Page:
Growing up, I never felt particularly upset about my father. He very clearly favored me, to the point that he and his family (his mother in particular) ignored my sister's existence. But I didn't feel an emotional connection to him, I didn't fret when he would go away. I would be glad when he came home, because he brought me gifts from his travels. I didn't pay much attention when he tried to speak to me and my sister about anything serious.

A few years ago, my sister confessed to my mother and me that she had recalled repressed memories - memories of being molested by our father, of inappropriate touching. Though I don't have any such memories myself, my father did sneak up on me on several occasions during my childhood, snapping pictures of me in the bathtub and in the shower. I came across one of the pictures several months ago, while looking through a stack at my mother's house, only to take it home with me and rip it into pieces.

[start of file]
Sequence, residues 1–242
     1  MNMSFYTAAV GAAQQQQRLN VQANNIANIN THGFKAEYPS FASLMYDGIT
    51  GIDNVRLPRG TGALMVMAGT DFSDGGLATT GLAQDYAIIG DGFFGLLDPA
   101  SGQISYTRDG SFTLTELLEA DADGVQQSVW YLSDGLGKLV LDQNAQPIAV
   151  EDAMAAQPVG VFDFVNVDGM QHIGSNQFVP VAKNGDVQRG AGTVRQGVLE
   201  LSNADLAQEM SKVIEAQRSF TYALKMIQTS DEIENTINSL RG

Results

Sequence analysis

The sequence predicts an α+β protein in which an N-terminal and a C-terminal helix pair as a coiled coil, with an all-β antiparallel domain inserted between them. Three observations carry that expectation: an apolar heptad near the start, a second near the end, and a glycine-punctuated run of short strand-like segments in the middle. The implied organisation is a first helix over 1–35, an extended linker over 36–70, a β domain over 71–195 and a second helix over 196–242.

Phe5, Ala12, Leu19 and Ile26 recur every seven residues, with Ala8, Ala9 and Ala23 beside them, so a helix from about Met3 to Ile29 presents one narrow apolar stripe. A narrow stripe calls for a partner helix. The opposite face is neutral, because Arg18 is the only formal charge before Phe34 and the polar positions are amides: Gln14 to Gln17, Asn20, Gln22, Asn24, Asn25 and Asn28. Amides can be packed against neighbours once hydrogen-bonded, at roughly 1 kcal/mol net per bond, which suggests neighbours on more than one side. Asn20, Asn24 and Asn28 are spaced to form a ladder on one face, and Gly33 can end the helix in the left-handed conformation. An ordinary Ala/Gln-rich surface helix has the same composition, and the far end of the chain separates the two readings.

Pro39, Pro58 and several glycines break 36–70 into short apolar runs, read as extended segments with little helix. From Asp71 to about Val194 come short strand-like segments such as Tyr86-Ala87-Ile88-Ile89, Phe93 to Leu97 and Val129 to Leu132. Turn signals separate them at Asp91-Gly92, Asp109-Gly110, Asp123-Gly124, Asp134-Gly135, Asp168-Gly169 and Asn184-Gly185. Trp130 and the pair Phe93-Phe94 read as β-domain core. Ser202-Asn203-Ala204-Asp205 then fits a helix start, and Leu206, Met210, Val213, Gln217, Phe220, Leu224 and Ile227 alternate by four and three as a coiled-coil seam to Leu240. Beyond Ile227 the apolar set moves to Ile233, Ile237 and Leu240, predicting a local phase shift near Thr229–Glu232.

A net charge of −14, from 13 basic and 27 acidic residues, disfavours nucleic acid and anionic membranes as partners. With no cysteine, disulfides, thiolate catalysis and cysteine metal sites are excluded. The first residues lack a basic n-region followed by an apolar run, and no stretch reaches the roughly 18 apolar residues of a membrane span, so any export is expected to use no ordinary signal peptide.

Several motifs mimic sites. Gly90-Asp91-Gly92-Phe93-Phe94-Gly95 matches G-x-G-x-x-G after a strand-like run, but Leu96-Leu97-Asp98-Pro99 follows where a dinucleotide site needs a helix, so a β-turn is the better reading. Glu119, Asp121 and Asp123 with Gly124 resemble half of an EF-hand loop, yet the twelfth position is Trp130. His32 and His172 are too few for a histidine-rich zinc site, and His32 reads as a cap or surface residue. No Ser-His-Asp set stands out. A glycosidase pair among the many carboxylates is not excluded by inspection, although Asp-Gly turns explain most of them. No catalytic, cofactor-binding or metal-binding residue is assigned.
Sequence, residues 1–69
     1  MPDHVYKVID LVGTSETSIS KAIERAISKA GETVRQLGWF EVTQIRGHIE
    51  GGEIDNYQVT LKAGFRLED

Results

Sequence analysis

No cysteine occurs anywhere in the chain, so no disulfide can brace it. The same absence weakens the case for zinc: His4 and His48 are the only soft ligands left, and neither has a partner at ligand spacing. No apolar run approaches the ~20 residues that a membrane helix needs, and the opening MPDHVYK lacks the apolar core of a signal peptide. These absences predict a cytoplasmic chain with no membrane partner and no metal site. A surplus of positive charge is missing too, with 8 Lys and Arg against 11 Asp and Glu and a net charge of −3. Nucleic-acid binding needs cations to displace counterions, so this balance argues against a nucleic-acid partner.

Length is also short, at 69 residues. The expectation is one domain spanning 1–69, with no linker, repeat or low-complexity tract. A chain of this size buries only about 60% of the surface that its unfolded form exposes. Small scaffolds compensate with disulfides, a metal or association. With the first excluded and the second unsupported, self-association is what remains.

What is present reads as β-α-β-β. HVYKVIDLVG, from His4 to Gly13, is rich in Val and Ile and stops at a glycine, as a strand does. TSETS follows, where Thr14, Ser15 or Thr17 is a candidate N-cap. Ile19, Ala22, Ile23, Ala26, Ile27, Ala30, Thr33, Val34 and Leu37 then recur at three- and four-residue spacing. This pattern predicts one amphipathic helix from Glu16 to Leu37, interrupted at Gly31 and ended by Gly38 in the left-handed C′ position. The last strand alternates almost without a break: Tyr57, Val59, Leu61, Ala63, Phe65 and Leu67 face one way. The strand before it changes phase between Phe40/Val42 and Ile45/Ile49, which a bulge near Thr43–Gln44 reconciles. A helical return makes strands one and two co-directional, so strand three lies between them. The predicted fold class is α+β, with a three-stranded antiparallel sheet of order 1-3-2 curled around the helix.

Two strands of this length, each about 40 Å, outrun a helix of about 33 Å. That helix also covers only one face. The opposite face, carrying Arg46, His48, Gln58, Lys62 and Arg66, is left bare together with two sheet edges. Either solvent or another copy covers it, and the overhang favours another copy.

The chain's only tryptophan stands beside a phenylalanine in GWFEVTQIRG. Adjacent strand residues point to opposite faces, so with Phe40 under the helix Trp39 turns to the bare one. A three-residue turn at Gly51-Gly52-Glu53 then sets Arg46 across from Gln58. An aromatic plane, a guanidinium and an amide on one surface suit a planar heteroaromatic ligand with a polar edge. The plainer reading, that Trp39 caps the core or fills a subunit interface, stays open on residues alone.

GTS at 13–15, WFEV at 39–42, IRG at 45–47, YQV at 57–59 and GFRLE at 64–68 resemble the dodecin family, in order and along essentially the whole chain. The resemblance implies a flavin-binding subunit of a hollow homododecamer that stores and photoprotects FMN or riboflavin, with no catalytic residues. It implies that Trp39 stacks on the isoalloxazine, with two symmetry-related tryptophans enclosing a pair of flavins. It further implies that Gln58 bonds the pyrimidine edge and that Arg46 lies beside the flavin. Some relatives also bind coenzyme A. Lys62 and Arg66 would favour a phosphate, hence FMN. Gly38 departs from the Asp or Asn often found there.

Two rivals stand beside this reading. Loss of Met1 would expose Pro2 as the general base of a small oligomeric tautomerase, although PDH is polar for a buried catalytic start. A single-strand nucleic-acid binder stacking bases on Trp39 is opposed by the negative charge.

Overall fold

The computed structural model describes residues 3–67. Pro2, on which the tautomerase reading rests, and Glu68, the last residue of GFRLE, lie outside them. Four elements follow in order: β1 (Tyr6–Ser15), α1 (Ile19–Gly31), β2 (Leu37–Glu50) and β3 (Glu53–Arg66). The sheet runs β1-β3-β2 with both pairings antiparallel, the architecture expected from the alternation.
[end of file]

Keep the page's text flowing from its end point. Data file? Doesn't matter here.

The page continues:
I've spent most of adolescence and my short time in adulthood not thinking about my father. When I got married, I made the conscious, easy decision to leave him out of it. I've been married close to three years. He only found out about a year and a half ago, because my cousin spilled the beans during an angry phone call.

But now, I feel anger all the time. In the past couple months, I've been thinking about my father constantly. The other night, I had a dream that he was hospitalized nearby. I dreamt that I drove over to the hospital, and confronted him - I went off about everything he'd done and not done over the course of my and my sister's lives. I had this fabulous cathartic moment. And then I woke up, and all I could feel is disappointment, and then this rush of frustration that it had only been a dream.